Pleas help electric field

  • #1
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pleas help!! electric field

a semi infinite insulting rod carries a constant charge per unit length of lambda. SHow that he electric field at the point P makes an angle of 45 with the rod and that this result is independant of R

[tex] q = \lambda x [/tex]
[tex] dq = \lambda dx [/tex]

for the Y direction poiting downward
[tex] dE_{y} = \int_{0}^{\infty} \frac{1}{4 \pi \epsilon_{0}} \frac{\lambda dx}{R^2 + x^2} \sin{\theta} [/tex]
[tex] \sin{\theta} = \frac{x}{R^2 + x^2} [/tex]
[tex] dE_{y} = \int_{0}^{\infty} \frac{1}{4 \pi \epsilon_{0}} \frac{\lambda R dx}{(R^2 + x^2)^\frac{3}{2}} [/tex]
[tex] dE_{y} = \frac{\lambda R}{4 \pi \epsilon_{0}} \int_{0}^{\infty} \frac{dx}{(R^2 + x^2)^\frac{3}{2}} [/tex]
[tex] dE_{y} = \frac{\lambda R}{4 \pi \epsilon_{0}} [\frac{x}{R^2 \sqrt{R^2+x^2}}]_{0}^{\infty} [/tex]
now im not sure about this integral and whether or not it converges...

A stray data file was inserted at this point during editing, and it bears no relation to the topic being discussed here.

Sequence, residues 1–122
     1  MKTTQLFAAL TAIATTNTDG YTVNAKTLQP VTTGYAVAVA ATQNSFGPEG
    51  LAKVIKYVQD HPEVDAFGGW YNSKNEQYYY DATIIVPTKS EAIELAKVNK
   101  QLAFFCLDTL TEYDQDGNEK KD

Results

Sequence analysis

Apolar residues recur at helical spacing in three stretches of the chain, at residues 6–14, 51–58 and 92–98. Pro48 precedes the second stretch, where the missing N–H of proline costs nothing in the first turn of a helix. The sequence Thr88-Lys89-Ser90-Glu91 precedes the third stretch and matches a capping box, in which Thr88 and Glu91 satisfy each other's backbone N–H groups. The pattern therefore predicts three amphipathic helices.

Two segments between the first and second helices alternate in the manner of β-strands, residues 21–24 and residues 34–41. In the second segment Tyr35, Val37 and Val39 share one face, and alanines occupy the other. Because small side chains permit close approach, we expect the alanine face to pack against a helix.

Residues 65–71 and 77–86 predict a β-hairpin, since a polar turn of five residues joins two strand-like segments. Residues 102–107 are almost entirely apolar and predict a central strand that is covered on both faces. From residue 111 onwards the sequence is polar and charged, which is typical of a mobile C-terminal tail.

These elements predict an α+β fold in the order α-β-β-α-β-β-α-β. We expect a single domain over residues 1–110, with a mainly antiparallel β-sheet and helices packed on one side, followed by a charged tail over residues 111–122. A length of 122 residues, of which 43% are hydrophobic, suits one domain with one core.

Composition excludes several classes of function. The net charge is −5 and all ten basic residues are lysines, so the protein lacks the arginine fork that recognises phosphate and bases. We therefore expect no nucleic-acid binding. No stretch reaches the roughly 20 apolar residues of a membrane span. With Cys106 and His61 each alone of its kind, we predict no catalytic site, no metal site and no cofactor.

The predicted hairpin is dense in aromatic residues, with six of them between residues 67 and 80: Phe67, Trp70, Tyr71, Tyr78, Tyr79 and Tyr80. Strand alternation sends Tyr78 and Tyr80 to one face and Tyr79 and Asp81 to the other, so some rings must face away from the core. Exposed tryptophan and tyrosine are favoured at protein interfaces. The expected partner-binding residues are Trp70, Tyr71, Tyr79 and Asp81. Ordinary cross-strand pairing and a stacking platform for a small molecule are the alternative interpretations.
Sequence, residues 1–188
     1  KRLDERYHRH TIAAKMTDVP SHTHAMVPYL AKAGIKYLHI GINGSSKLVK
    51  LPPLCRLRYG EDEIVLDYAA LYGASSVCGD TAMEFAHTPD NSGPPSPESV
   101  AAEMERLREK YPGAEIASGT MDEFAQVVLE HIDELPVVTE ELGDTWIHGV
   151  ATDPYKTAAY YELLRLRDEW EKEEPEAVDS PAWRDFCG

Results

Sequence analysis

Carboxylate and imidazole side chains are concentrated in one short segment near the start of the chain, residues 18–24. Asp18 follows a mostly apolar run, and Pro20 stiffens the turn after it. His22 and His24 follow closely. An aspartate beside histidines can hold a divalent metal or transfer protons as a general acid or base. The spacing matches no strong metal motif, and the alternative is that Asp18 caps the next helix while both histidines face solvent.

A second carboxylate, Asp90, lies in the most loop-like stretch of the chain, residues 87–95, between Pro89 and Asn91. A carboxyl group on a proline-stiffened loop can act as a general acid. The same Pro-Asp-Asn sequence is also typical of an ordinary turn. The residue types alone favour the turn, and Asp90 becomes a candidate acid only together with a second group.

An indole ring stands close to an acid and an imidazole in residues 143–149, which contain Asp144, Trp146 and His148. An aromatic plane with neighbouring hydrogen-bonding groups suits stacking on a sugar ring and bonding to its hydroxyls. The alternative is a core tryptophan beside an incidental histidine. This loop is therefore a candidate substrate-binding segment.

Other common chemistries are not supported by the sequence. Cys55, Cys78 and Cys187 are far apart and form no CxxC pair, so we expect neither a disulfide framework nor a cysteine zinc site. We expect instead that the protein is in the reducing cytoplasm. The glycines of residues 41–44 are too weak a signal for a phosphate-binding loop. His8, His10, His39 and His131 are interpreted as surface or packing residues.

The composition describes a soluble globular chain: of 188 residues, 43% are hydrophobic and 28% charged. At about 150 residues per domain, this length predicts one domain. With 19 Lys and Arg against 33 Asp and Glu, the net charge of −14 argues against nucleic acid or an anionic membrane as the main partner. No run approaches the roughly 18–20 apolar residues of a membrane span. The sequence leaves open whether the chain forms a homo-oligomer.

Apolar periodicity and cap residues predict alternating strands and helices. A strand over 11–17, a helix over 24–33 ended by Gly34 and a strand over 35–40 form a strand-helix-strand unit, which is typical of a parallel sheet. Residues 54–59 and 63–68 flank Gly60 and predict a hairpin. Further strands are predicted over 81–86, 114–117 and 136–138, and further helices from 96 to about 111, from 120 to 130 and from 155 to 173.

for the horizontal pointing left
[tex] \frac{\lambda R}{4 \pi \epsilon_{0}} \int_{0}^{\infty} \frac{xdx}{(R^2 + x^2)^\frac{3}{2}} [/tex]
same problem here

please help!
 

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  • #2
quasar987
Science Advisor
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stunner5000pt said:
a semi infinite insulting rod carries a constant charge per unit length of lambda. SHow that he electric field at the point P makes an angle of 45 with the rod and that this result is independant of R

[tex] q = \lambda x [/tex]
[tex] dq = \lambda dx [/tex]

for the Y direction poiting downward
[tex] dE_{y} = \int_{0}^{\infty} \frac{1}{4 \pi \epsilon_{0}} \frac{\lambda dx}{R^2 + x^2} \sin{\theta} [/tex]
[tex] \sin{\theta} = \frac{x}{R^2 + x^2} [/tex]
[tex] dE_{y} = \int_{0}^{\infty} \frac{1}{4 \pi \epsilon_{0}} \frac{\lambda R dx}{(R^2 + x^2)^\frac{3}{2}} [/tex]
[tex] dE_{y} = \frac{\lambda R}{4 \pi \epsilon_{0}} \int_{0}^{\infty} \frac{dx}{(R^2 + x^2)^\frac{3}{2}} [/tex]
[tex] dE_{y} = \frac{\lambda R}{4 \pi \epsilon_{0}} [\frac{x}{R^2 \sqrt{R^2+x^2}}]_{0}^{\infty} [/tex]
now im not sure about this integral and whether or not it converges...
The integral is right and the limit to evaluate is almost trivial: pull x² out of the square root.
 
  • #3
1,444
2
ok for the Y part
[tex] E_{y} = \frac{\lambda}{4 \pi \epsilon_{0}R} [/tex]
i swhat i got the Y part. Am i right??

for the X part
i got the same thing.
However the resultant for these two given a 45 degree angle... however it isn ot independat of R as in
[tex] E = \sqrt{2} \frac{\lambda}{4 \pi \epsilon_{0}R} [/tex]
 

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